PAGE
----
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To conclude we have decided to illustrate an early textile from Antinoe we found in Alte Stoffe a small book published in Berlin in 1917.

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illustration 70

Today Antinoe is part of the metropolitan sprawl of Cairo, Egypt. However, circa 600AD when this textile is believed to have been produced, it was a separate city with its own long history.

Surely Antinoe is a great distance from Turkmenistan but because ancient east-west trade routes facilitated the transmission of all types of goods -- and textiles were one of the most important -- postulating the Egyptian cultural tradition responsible for the exaggerated kotchak head-crest was connected far more than just visually with the Turkmen, where the same large curved horn or kotchak can be seen on so many pile weavings, is not far-fetched.

The meanings these patterns of significance held for those who made, wore and saw them is lost in the dust and sand now covering many of these formerly thriving areas. The historic and cultural relationships textiles, like this one, represented remain for discovery and investigation and through them we might just shift those mountains of sand.

The cresent moon on the animals foreleg, the sun disk on the haunch, the pearls on the neck-banner and those on each leg, like the kotchak and many other details on much later Turkmen weaving, are not meaningless decorative touches or there by accident. These are ancient and important icon, amulet, talisman and emblem and the fact they have remained viable and potent over thousands of years tells one of the great still unrecognized stories of mankind’s developmental history.

Archaic period Near Eastern and western Central-Asian knotted-pile and flat-woven objects are the last remaining frontier. They are repository of many long lost ideas, concepts and culture and the complicated processes, techniques and knowledge necessary to produce them has protected and ensured their survival.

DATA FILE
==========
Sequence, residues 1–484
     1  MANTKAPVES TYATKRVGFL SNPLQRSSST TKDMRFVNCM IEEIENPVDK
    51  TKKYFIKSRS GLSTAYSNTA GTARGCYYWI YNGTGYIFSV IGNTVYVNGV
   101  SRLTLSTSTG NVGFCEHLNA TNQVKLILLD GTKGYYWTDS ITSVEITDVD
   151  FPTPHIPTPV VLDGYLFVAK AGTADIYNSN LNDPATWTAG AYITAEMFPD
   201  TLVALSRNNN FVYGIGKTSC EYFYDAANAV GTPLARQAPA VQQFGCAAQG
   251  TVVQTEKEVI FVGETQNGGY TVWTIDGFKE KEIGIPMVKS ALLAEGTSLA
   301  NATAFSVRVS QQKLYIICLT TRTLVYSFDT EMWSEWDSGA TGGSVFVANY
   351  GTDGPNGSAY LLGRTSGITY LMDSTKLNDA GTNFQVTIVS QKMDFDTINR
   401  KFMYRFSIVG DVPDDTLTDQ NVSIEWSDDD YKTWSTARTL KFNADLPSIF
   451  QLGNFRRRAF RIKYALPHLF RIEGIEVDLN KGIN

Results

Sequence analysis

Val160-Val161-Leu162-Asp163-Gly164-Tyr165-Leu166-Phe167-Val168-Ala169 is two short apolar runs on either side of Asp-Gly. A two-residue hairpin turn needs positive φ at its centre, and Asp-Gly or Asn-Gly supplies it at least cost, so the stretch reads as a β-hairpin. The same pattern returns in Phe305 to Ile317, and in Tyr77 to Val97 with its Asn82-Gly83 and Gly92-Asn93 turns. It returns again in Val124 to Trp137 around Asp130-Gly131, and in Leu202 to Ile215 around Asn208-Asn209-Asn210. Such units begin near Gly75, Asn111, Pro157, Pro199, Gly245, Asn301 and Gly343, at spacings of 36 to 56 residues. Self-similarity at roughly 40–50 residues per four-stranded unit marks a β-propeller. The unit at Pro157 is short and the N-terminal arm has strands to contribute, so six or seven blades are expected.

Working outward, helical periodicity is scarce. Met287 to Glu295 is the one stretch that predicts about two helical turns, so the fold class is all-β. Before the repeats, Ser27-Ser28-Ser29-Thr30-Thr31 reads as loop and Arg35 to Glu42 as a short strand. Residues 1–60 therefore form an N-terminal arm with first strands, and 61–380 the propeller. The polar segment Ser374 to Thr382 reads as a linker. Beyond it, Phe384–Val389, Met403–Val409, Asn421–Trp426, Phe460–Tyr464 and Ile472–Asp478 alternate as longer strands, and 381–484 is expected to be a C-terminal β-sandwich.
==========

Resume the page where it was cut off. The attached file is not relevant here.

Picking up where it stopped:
Today textile studies truly stand on a precipice and unless new paradigms come to the fore to replace old, tired and worn-out ones the looming abyss of time will eradicate the possibility to continue to further piece together this puzzle.

We trust this presentation helps put to rest one of the oldest and most worn out -- the idea iconography originated in the court atelier and then was passed down to the village and tent-dwelling weaver. There is no doubt many of the textiles in our target group have court association yet other ancient media, like the early Anatolian pile carpets and the prehistoric archaeological ceramics, carry no such imprimatur and on that basis alone any unbiased assessment would have to agree this linear concept is flawed.

When some of today’s great advances in scientific laboratory technique will be coupled with far greater art historical investigation and research we are sure those prejudices and the looming abyss can be successfully breached. But perhaps our optimism is not well put so we also ask: Will those efforts be made or will textile art once again fall into the dustbin of art history to remain as ignored as they have been since the industrial revolution created power looms capable to reproduce on cheap commercial fabric the complex patterns and proprietary cultural iconography formerly reserved for much loftier purposes and patrons?

In closing we must say we hope this is not the case and soon others will join the Weaving Art Museum, and this writer, to begin the scientific testing and ethnographic collection of materials necessary to build the data-bases that can, and will in our opinion, provide the facts that have always been missing in textile and carpet studies.

     

     
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